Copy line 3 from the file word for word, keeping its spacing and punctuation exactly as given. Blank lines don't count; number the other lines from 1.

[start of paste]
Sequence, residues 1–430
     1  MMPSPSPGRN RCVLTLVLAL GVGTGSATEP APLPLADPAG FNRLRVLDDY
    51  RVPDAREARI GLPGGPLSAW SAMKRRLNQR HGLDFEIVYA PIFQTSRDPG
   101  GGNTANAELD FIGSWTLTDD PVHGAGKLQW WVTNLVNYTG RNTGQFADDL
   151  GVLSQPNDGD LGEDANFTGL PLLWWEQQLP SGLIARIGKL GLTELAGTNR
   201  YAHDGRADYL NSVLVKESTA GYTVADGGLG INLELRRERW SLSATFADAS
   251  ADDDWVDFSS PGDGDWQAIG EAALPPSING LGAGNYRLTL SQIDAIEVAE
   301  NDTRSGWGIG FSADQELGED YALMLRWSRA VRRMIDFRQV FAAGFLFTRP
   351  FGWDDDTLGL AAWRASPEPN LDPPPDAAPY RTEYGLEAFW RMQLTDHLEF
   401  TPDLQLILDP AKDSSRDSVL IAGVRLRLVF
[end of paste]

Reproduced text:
    51  RVPDAREARI GLPGGPLSAW SAMKRRLNQR HGLDFEIVYA PIFQTSRDPG